Business slowdown in first year of debt-reduction = emotional low
DH = Dear Husband
“I haven’t been sleeping well lately . . . Thoughts of muffins, egg rolls, and melted cheese have beckoned to me from some deep recess of my brain, promising to be the answer. Except for when the knot in my stomach has stifled my appetite.” That’s what I wrote two and a half years ago in a post entitled Debt & Depression. DH and I were nearing the end of the first year of our journey out of debt, and his home business had slowed down so much that for both March and April of 2013, we could put nothing at all against our debt. Rationally, I knew right from the beginning that there would be more encouraging months than others as we took the long road to debt-freedom, especially with the variable income of DH’s self-employment.
Still, despite my rational acceptance of both high and low times of business and finances, this slowdown in the spring of 2013 got to me. “There are logical reasons for this,” I wrote of our inability to pay off any debt for two months. “We had a big property tax bill in March, and our finances had become such a mess that we had nothing left over to put against the debt. In both March and April, we had higher than average expenses. In both March and April, DH’s business was slow. Remarkably slow. After months of hyperactivity, the slow-down was at first a relief. By the end of the first slow month, relief gave way to philosophy: There are ups and downs in self-employment. This won’t last. After the second slow month, philosophy gave way to dread.”
Business slowdown now = emotional steadiness
We’re in a very similar situation now. This past summer, we experienced a “hyperactivity” in DH’s business. June of 2015 was the single highest earning month of his six years in business – highest by a long shot. And while July was not record-breaking, it was good and strong. The busyness of our summer, which was compounded by home office renovations, de-cluttering, and my having taken on summer school, was more than we could handle well, and our finances again became “a mess”. An unexpected bill in August (just when DH’s business was slow) for a gas-leak repair in our home meant some scrambling and creative financing. We’re at the “save a big emergency fund” stage of our debt-reduction plan (which is really Dave Ramsey’s plan), and as the dust settles, it’s clear that we won’t be able to add to our e-fund for the months of August and September.
But I’m not losing sleep. And no “knot in my stomach” is stifling my appetite.
“The Art of Effort and Surrender”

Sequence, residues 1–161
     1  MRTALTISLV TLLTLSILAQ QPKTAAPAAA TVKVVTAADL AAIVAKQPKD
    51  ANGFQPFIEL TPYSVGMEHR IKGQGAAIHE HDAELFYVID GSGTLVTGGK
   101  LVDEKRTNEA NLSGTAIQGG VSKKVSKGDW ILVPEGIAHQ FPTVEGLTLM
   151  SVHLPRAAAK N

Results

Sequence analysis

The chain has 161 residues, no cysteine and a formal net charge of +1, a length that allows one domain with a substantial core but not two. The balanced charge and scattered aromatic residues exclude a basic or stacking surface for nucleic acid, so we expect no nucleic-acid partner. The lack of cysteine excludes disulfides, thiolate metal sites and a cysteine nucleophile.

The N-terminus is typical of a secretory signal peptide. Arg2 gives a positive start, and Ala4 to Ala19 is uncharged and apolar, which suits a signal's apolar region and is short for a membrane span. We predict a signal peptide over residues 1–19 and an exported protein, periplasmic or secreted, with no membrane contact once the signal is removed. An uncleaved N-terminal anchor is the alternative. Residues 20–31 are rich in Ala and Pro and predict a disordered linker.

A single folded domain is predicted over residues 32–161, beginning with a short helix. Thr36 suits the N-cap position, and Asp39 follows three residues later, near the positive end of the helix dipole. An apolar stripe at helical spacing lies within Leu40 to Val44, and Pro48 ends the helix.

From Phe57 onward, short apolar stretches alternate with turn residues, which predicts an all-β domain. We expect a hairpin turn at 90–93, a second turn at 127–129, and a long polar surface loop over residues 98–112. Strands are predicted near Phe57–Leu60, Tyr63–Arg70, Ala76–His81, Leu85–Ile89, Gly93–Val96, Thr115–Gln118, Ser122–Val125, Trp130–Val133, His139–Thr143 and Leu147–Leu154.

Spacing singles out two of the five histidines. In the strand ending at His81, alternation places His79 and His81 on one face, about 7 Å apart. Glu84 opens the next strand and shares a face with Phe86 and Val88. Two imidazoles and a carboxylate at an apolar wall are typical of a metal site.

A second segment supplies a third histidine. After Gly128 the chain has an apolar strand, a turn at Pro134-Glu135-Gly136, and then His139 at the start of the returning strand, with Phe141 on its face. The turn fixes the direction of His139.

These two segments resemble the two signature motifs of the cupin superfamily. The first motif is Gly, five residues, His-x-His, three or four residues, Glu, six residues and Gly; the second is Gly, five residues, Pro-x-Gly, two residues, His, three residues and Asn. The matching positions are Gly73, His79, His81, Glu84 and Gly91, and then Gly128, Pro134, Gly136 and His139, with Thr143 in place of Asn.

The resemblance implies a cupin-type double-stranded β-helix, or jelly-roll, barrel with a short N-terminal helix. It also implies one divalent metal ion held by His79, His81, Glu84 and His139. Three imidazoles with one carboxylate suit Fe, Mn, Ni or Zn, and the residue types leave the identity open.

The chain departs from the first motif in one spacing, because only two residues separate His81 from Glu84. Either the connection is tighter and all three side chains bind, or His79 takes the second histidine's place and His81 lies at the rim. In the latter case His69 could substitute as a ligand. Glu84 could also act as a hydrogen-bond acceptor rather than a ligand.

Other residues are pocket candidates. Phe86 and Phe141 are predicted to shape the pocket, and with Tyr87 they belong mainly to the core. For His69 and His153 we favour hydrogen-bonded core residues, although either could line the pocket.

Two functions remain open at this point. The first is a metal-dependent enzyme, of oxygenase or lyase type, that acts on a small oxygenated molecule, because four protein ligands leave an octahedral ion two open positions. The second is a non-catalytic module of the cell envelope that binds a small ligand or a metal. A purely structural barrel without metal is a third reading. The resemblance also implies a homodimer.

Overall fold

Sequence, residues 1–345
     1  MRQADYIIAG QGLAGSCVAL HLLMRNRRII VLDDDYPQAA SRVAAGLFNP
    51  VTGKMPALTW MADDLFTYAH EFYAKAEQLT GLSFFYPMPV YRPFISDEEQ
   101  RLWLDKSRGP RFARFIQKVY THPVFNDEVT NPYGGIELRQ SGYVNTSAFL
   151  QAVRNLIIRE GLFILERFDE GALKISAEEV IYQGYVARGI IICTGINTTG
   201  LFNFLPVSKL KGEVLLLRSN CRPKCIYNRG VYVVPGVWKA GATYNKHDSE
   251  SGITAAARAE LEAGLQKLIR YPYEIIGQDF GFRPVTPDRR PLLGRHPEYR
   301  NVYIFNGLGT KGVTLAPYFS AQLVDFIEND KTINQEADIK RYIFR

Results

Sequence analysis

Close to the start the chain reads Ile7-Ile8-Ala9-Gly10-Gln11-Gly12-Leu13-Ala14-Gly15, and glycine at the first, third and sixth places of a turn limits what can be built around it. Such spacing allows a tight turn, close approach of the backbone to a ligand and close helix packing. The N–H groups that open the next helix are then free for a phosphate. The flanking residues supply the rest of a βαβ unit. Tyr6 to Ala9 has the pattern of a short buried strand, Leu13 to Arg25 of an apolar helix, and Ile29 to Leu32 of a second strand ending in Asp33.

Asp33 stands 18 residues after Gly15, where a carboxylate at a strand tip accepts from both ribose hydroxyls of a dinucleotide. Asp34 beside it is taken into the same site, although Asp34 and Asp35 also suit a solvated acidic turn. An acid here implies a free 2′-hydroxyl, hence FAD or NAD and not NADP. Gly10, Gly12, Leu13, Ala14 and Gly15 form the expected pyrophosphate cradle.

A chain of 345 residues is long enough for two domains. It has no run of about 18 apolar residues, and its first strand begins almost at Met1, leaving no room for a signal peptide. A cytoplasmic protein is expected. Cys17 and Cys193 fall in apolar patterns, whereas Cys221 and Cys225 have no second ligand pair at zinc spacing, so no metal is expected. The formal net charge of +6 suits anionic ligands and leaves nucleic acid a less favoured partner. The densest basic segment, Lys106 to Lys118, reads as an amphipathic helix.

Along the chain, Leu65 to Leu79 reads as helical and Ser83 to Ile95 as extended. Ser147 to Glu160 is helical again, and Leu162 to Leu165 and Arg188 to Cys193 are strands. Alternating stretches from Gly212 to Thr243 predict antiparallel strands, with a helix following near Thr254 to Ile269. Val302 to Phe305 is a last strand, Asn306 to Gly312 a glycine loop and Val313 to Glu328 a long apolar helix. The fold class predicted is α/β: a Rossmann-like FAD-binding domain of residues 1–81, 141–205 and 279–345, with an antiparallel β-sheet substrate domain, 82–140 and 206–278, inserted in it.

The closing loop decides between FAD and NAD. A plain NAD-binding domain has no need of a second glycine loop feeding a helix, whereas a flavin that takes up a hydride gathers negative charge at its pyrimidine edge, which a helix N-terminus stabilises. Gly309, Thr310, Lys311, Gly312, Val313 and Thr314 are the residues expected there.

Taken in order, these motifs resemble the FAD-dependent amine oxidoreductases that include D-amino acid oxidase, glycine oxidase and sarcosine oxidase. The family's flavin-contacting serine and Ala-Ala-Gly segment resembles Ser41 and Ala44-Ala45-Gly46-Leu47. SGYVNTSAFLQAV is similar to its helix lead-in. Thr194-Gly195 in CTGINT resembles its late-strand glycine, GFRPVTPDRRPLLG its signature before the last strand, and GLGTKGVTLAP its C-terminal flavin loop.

“Debt & Depression” wasn’t the full title of my post from two and a half years ago. It was “Debt & Depression: The Art of Effort and Surrender.” I knew at the time that I needed to adopt a new attitude. If the ups and downs of our finances were going to keep bringing me on an emotional roller coaster of ups and downs, I probably wouldn’t stick around for the ride. I’d abandon our journey out of debt as “too hard” – or “not worth it.” The attitude I realized I needed was one of effort combined with a letting go of the outcome.
Here’s what I wrote about this “new” (for me) attitude: “Give it your level best and hope, and at the same time, free yourself of any expectation. For me, it means that I can feel confident that we’re doing the right thing. We’re putting our efforts towards getting out of debt; we’re back on track with our monthly budgets; we’re communicating well; DH is working as hard as ever on his business. At the same time, I can feel peace when things that are beyond our control prevent us from reaching our goals – at least for the short term. Like unexpected big expenses. Or a few months of slow business. And longer term? If I answer the ‘What if?’ questions, I come up with, ‘We’ll stop the business. We’ll sell the house and move into a smaller one. DH will look for another job. I won’t retire as soon as I’d planned.’ Disappointing, but not the end of the world.”
It looks as though that attitude has taken root. I’m not brought down by this recent business slowdown, even though it has meant a slowing down of our progress. I’m confident that it will all pick up again. But if it doesn’t? (And that remains a real possibility for anyone who is self-employed.) Still disappointing, but still not the end of the world.
Emotional stability: an “epiphenomenon” of debt-reduction
Savvy James got a kick out of the title of my most recent post: “Metacognition in Personal Finance.” In the comments section, he wrote, “Metacognition. A great word and action, ‘thinking about thinking.’ It reminds me of a word that has long intrigued me, ‘Epiphenomenon’ which is a secondary phenomenon that occurs alongside or in parallel to a primary phenomenon.” I challenged Savvy James to write a post about “epiphenomena” that relate to personal finance, but I think I just beat him to it.
One of the things Dave Ramsey says in his book The Total Money Makeover is that once you get your financial act together, you realize that it wasn’t about money at all. I didn’t believe that when I first read it – it kind of annoyed me actually – but more and more, I’m seeing the truth of those words. For me, emotional stability is proving to be an “epiphenomenon” – something occurring alongside or in parallel to the primary phenomenon – our debt-reduction. When DH and I started this journey, I would not have said, “I need to mature emotionally.” But I did. The epiphenomena of a total money makeover can be surprising.
Keep on keeping on . . .
DH and I will keep giving it our level best. We’ll keep hoping that his business will turn around and that we will have more encouraging progress at this stage of our journey to debt-freedom. And while I would rather have had strong progress in August and September, I find myself feeling gratitude for strength in another area – evidence of another kind of progress. One that has nothing to do with money at all.